In this week’s Torah portion, Ki Teitzei, there is a whole section pertaining to Jewish laws of marriage. In light of this, I thought I’d share a few brief lessons that I learned from a number of influential people in my life about this holy union.
Communication is key.
The Chabad Rabbi in our town told us today about a couple that was dating. At the time, the man seemed to do all the talking and the woman did all the listening. But then, for the first few years after marriage, things reversed: the woman was doing all the talking and the man was doing the listening. Five years into the marriage, both the man and the woman were doing all the talking and all the yelling, and now the neighbors were doing all the listening.
Marriage can be hard.
My father used to tell a joke about a woman that goes to the doctor and she comes out all upset and says to her husband, “The doctor told me that I have tuberculosis and am going to die soon.” The husband looks at his wife and, wincing his eyes, he says to her: “The doctor didn’t say you have tuberculosis and are going to die soon; he said you have a tuchus colossal and need to go on a diet!”
Have a good sense of humor.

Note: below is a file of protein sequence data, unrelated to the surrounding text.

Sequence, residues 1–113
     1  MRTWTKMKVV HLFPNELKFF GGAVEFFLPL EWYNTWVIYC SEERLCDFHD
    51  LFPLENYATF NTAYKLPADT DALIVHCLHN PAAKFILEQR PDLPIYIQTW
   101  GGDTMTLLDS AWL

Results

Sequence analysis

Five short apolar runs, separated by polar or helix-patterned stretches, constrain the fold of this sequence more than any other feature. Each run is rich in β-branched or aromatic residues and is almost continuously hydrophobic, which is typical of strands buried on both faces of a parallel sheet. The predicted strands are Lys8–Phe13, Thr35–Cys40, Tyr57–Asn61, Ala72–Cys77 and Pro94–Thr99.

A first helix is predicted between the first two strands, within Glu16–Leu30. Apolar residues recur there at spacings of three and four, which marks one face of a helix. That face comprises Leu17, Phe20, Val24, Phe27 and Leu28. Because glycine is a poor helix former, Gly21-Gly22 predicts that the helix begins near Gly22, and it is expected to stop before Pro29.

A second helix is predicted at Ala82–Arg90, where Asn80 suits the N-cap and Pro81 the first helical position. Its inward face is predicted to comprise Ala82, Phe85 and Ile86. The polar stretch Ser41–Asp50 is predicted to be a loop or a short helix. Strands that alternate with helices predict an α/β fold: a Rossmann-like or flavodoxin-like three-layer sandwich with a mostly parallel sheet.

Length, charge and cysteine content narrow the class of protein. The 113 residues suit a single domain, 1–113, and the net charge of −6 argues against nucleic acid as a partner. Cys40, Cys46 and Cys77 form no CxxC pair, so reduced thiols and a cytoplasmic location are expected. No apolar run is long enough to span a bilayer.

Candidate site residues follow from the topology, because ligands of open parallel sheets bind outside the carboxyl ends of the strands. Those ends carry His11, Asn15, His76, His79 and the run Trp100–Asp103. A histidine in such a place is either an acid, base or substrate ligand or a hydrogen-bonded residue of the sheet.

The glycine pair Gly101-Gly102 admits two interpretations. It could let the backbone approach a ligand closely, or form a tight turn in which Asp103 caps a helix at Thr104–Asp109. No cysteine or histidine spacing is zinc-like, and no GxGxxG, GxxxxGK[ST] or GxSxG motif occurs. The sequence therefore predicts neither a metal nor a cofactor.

True story, coming back today after being invited for Shabbat lunch, my wife and I had a pretty long walk home, and it was incredibly hot and humid today. When we finally got home, I was feeling a little dizzy and sick, and went to lie down for a couple of minutes. My wife comes in and asks me what was wrong, and then she says innocently (I think), “It’s okay, you’re just a little dehydrated, and you need to be liquidated!”
Staying Together is Half the Fun.
One of my best friends recently was marveling that he’s been married over thirty years already, and he said to me: “I’m shocked that my wife still likes me after all this time. No one that knows me that well likes me that much. [smiley] ” So teasingly, I reply: “How do you know that she still likes you. LOL” To which my friend replies with a good dose of honesty: “If she didn’t like me anymore, she wouldn’t stick around!” Maybe the next provocative question could’ve been (but smartly wasn’t), “But how do you know what she’s putting in your food?”
I guess at the end of the day, like all things, marriage is partially what you make of it and how hard you work at it. Remember, bringing two people together, even two halves of the same whole, can be challenging and requires understanding and compromise. The final lesson that I’ll share from Judaism is that it takes three partners for a successful marriage: the man, the woman, and G-d. Without the latter, probably none of us would survive even the first bliss-filled year. The rest is icing on the wedding cake.